As the world’s best netballers turn their attention to the Fast5 Netball World Series, a sport scientist has revealed the intense physical demands the dynamic format places on their bodies.
And it’s the goal attacks and goal defences who feel it the most according to Netball Australia performance science and support manager Laura Piromalli.
Data collected from past campaigns show the effect playing without the wings has on their teammates.
With no wing attack to share the load at the centre pass, a goal attack in Fast5 must fill the role of two players and is likely to have much less recovery time.
In traditional netball, a goaler would typically expect a work/rest recovery ratio of 1:4, or four seconds rest for every second run. Compare that to five-a-side where the ratio could be as demanding as 1:2 or 1:1.
“It can be an incredible workrate,” Piromalli said.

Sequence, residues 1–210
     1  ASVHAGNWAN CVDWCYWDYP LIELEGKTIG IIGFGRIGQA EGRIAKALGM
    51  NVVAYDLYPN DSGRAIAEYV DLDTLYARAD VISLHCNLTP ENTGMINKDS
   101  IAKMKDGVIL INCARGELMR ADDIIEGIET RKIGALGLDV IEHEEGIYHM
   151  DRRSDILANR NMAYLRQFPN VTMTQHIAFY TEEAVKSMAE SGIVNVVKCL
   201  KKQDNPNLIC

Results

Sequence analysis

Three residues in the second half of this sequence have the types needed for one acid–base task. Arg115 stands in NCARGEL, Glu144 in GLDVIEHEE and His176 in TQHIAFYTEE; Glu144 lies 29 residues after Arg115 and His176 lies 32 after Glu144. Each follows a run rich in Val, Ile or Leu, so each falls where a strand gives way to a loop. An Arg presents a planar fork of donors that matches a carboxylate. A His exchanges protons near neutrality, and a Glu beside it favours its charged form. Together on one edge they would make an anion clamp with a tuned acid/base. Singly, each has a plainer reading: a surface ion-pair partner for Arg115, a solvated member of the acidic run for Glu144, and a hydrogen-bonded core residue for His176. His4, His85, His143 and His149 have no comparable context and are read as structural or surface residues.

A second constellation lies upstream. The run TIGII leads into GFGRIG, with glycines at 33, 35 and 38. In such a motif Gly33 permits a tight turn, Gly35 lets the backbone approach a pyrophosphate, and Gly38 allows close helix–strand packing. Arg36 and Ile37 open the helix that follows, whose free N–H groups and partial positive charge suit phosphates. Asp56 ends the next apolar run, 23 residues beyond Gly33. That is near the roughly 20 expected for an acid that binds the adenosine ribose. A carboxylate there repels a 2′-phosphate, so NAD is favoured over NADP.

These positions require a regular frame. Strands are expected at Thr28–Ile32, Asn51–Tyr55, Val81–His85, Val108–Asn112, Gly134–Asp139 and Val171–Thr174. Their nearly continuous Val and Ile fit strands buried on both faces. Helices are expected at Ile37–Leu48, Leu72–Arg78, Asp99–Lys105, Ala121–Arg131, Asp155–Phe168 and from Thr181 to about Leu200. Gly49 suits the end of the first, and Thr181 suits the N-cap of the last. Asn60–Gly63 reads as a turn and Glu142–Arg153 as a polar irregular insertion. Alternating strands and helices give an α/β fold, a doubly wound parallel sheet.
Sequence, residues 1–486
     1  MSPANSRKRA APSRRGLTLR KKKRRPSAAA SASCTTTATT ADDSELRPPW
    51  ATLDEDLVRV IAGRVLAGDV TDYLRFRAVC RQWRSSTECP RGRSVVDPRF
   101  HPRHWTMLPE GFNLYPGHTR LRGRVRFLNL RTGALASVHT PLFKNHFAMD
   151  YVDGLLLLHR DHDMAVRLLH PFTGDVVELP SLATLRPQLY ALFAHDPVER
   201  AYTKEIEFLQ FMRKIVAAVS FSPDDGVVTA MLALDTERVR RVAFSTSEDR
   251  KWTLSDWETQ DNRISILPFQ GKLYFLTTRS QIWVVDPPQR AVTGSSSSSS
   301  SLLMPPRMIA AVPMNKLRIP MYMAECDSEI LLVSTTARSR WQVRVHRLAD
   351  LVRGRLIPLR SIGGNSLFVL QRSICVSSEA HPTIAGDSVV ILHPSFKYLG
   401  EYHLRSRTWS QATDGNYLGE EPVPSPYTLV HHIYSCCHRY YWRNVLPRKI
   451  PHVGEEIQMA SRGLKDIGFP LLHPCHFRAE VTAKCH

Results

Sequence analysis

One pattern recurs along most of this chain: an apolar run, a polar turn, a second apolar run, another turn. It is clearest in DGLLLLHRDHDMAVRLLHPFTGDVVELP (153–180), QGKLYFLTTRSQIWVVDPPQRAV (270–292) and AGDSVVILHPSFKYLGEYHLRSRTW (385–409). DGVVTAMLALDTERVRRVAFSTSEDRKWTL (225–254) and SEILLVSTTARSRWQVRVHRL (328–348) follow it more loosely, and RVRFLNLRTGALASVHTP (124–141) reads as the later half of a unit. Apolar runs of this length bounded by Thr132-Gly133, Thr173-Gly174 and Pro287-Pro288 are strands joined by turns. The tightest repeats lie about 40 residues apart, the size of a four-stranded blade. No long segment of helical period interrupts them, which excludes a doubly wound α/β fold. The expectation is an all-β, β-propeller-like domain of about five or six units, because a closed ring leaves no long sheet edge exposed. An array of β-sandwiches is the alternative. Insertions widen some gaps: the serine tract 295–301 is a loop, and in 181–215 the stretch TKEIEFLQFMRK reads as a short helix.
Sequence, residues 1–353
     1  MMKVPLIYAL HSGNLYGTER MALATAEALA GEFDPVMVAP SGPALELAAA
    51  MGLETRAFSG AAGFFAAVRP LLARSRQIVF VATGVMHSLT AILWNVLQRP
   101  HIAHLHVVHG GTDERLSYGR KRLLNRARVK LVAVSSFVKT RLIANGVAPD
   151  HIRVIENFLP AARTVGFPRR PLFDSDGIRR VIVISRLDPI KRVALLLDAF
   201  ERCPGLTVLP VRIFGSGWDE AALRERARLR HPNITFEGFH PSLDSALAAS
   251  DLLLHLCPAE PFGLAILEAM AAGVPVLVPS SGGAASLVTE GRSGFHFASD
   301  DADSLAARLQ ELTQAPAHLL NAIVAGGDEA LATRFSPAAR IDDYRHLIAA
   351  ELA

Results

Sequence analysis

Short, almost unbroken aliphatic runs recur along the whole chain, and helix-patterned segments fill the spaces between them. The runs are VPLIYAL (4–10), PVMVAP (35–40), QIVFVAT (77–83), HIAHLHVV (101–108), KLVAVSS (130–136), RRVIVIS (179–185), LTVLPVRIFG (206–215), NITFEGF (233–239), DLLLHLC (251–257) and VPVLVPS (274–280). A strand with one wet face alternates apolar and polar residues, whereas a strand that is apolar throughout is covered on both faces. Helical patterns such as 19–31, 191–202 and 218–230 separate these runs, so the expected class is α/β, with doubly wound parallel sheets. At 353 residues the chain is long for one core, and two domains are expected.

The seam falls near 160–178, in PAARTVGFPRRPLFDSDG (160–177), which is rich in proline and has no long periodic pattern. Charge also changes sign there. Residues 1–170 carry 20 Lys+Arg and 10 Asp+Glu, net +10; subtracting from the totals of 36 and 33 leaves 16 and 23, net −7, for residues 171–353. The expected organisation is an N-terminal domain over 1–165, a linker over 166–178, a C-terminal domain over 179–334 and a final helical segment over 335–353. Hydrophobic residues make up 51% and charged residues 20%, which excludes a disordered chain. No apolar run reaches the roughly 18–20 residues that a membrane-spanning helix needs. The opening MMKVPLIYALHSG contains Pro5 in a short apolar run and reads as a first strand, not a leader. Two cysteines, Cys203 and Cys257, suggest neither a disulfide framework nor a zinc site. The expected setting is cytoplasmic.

“The quarters are reduced but they’re required to be all out for two or three minutes before they’re rotated.”
That means plenty of intense running for goalers Sophie Garbin (Australia), Ameliaranne Ekenasio (New Zealand) and others when the series begins in Melbourne on October 27.
Circle defenders will endure a similar workload and intensity as they trail their opponents at centre passes and into shooting range.
The data was collected using an indoor tracking system which, like GPS, records the speeds and running lines of the players during games.
While the trends vary depending on the tactics used, the data is most revealing.
It shows the constant changes in direction, and the longer leads of goalers as they gallop further down the court to present themselves as targets.
The two and three-point goals, in turn, also have consequences.
More long-range shots create extra rebounding opportunities, which means the shooters and defenders leap more.
“A world class shooter is about 50 per cent accurate from that distance, and that shows in the players jumping more,” Piromalli said.
The Australian team, coached by Stacey Marinkovich, will meet for a short training camp next week ahead of the series.
“They’ll be ready to rock n roll,” Piromalli said.